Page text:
Tiller Ranger Station
|Location||Umpqua National Forest|
|Nearest city||Canyonville, Oregon, USA|
|Architect||U.S. Forest Service, Pacific Northwest Regional Architecture Group|
|Architectural style||Cascadian rustic|
|NRHP reference No.||91000162|
|Added to NRHP||1991|
The Tiller Ranger Station is a United States Forest Service compound consisting of twenty-seven buildings in Oregon’s Umpqua National Forest. Over the years, it has been the administrative headquarters for five ranger districts. It is located in the small unincorporated community of Tiller, Oregon, United States. The historic structures were built in the rustic style by the Civilian Conservation Corps between 1935 and 1942. Today, the ranger station is the headquarters for the Tiller Ranger District, and is listed on the National Register of Historic Places.
In the early 20th century, the forest road networks were not well developed. To facilitate work in National Forests, the Forest Service built district ranger stations at strategic locations within the forest to house full-time employees and provide logistics support to fire patrols and project crews working in remote areas of the forest. After World War II, the Forest Service greatly expanded its road network, allowing employees to get to most forest areas within a few hours. As a result, many of the more isolated ranger stations were closed or converted to summer guard stations. However, the Tiller Ranger Station has continuously served as a district headquarters since it was established.Over the years, five ranger districts have used the Tiller Ranger Station as their administrative headquarters.
In 1908, the Umpqua National Forest was created in southern Oregon.The Summit Ranger District was established in 1913 as an administrative subdivision of the Umpqua National Forest. However, the district was not staffed with a ranger until 1918. The Summit district was responsible for the south bank of the South Umpqua River extending east to the Rogue-Umpqua divide in the Rattlesnake Mountain area. The Deadman Ranger District was also created in 1913 and staffed in 1918. It covered the north side of the South Umpqua River drainage. Both districts had their administrative headquarters at the Tiller Ranger Station.
The South Umpqua Ranger District was established in 1916. Its district headquarters was also located at Tiller Ranger Station. In 1920, the Summit and Deadman ranger districts were merged into the South Umpqua district.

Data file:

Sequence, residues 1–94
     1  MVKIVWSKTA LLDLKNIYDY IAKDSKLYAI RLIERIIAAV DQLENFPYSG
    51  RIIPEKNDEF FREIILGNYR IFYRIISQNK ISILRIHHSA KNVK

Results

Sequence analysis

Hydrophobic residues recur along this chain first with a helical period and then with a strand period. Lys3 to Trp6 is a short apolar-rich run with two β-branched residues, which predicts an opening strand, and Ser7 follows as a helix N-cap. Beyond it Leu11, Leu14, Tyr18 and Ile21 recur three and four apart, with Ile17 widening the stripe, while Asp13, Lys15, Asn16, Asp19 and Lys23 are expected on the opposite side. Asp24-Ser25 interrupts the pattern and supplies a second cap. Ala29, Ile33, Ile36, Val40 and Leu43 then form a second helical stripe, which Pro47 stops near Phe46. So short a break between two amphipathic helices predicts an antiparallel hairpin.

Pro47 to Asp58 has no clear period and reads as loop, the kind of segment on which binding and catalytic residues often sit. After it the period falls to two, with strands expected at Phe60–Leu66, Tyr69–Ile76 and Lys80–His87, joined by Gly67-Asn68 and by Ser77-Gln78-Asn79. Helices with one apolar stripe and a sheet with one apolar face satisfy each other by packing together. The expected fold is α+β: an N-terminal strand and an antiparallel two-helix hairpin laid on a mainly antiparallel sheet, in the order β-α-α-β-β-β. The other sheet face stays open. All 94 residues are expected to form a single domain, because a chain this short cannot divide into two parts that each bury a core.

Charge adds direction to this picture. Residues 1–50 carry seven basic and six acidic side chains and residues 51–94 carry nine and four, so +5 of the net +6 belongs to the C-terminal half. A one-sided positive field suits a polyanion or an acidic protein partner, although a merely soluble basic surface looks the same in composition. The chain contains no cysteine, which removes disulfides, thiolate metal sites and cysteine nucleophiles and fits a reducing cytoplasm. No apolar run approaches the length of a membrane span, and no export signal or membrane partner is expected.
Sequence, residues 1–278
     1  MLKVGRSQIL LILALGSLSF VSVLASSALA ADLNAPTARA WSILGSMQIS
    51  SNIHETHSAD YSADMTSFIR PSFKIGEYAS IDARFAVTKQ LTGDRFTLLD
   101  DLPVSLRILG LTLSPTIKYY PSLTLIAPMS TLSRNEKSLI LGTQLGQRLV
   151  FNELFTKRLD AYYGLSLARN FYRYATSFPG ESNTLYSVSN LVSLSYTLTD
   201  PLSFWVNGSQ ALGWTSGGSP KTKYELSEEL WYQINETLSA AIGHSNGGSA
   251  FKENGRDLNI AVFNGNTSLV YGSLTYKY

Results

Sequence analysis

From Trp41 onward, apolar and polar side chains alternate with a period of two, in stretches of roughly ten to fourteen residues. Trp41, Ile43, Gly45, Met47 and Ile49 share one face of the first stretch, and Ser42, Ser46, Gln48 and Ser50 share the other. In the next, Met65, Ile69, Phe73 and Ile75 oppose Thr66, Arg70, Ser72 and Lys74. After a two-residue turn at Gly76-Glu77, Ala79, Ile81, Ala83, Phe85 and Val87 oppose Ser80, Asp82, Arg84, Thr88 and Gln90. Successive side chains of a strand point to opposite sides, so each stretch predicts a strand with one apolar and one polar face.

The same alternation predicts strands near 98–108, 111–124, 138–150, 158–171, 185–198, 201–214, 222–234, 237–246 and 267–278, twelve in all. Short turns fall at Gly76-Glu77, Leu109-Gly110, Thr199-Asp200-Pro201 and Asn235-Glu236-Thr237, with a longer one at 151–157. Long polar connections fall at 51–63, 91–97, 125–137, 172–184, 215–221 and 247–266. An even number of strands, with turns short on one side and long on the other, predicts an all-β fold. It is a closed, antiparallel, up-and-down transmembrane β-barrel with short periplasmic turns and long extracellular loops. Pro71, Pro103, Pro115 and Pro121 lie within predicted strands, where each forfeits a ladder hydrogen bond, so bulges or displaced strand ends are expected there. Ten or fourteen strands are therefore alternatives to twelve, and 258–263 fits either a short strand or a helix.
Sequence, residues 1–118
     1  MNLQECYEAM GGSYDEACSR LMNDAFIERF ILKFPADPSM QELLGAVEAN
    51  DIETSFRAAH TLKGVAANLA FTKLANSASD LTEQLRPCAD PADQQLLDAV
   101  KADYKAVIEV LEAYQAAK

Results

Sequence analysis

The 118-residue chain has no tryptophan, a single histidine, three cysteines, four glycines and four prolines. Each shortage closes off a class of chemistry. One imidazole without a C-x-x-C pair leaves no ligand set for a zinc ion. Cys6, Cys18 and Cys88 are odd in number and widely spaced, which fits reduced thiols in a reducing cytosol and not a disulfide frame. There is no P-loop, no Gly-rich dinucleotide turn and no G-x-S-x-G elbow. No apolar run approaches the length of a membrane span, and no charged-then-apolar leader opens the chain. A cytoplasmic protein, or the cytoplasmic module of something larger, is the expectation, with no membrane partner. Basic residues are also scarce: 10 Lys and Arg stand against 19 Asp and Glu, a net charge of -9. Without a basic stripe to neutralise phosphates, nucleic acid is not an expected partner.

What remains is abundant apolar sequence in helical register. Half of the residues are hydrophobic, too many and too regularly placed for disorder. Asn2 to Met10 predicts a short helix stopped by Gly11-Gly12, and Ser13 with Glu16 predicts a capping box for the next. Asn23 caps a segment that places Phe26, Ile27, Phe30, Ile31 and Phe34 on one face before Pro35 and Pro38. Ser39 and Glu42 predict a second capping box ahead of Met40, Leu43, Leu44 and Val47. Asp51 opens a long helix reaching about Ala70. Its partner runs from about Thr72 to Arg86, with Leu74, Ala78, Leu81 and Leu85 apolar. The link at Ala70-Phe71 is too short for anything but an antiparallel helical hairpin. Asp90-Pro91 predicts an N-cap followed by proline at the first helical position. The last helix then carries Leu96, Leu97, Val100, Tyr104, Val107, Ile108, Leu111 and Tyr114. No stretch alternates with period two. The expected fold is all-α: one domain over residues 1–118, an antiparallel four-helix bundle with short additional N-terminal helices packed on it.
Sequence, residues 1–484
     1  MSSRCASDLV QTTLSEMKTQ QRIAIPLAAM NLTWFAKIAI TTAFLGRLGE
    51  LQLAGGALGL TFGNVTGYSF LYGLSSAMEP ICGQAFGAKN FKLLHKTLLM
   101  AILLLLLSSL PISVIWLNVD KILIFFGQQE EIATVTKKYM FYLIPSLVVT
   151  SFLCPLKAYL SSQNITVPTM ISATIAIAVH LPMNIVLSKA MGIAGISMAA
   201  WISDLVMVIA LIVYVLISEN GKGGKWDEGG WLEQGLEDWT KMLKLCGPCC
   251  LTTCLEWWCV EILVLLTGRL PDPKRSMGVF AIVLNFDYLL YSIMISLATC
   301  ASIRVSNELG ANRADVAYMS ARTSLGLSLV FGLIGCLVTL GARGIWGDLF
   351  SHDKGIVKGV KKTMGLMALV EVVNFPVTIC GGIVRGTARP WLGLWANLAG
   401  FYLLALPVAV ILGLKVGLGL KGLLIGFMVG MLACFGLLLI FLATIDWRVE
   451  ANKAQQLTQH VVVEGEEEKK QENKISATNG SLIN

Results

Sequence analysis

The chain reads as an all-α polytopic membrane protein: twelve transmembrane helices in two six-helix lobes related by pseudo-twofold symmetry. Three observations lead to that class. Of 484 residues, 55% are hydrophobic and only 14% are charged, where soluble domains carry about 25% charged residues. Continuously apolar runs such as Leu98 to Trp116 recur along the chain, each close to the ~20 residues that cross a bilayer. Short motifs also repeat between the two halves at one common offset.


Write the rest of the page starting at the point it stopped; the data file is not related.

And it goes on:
In 1935, the Civilian Conservation Corps began doing construction work at the ranger station. Between 1935 and 1942, Civilian Conservation Corps crews built a number of ranger station buildings. The Civilian Conservation Corps personnel worked under the supervision of Forest Service rangers. All of the buildings constructed during that period were designed by the Forest Service's Pacific Northwest Regional Architecture Group, and were built in the Cascadian rustic style.
The Cow Creek Ranger District was created in 1946 from a division of the large South Umpqua Ranger District. Two years later, the two ranger districts were recombined into a single South Umpqua district. In 1954, the South Umpqua district was again divided into a new Cow Creek district and a smaller South Umpqua district; however, the two districts had different boundaries than the earlier division. The South Umpqua district retained authority over the upper South Umpqua River drainage while the Cow Creek district administered the Cow Creek, Elk Creek, and Beaver Creek watersheds. Both districts maintained district offices at Tiller Ranger Station.
In 1956, the Cow Creek Ranger District was reduced in size when a large portion of the Oregon and California Railroad lands were administratively transferred to the Bureau of Land Management. The Cow Creek district was renamed the Tiller Ranger District in 1964. In 1968, the South Umpqua Ranger District was consolidated with the Tiller Ranger District. The new district kept the Tiller name because the administrative headquarters was still located at the Tiller Ranger Station.
Today, the Tiller Ranger District covers 325,106 acres (1,315.66 km2) on the western slopes of the Cascade Mountains in southern Oregon. The Tiller Ranger Station still serves as the administrative headquarters for the district. 27 buildings make up the ranger station complex, nine of which are historically important. All the historic buildings except the barn are located in close proximity to one another, with the non-historic structures on the periphery of the compound. The historic buildings are all in excellent condition and are still used by Forest Service employees. Because the Tiller Ranger Station is of unique historic value as an early Forest Service ranger station, the compound was listed on the National Register of Historic Places on 6 March 1991. The historic district covers approximately 12 acres (49,000 m2).
With nine historic buildings, the Tiller Ranger Station is a classic Forest Service ranger station. All of the historic buildings were built by the Civilian Conservation Corps between 1935 and 1942. Their work included four ranger residences, an equipment warehouse, a vehicle repair shop, a barn (now used for storage), and two garages. The buildings were constructed in the Cascadian rustic architectural style using weatherboard, wood shingles, native lava stone, and concrete as the principal building materials. Many of the gables and shutters have the open pine tree logo common to Forest Service structures built during the 1930s.
The four ranger residences are all of unique design. All of the residences were built in the late 1930s. The largest (Residence #1058) was built in 1936. It is a T-shaped, one-and-one-half-story wood-frame building on a concrete foundation. It has a high gabled roof with intersecting cross-gabled hip extensions above the main entry. Three stone steps lead to a flagstone porch in front of the main entrance. The front porch is supported by square posts. There is a stone masonry chimney on the east side of the building. The building's exterior is covered with wood shingles except the gable ends and gablets which have vertical board siding. Like the other three residences, the building has six-over-six double-hung sash windows flanked by decorative shutters with pine tree logo cut-outs. Adjacent to the residence is a hip roof garage with the shingle siding. There is a pine tree cut-out on the main vehicle entry door.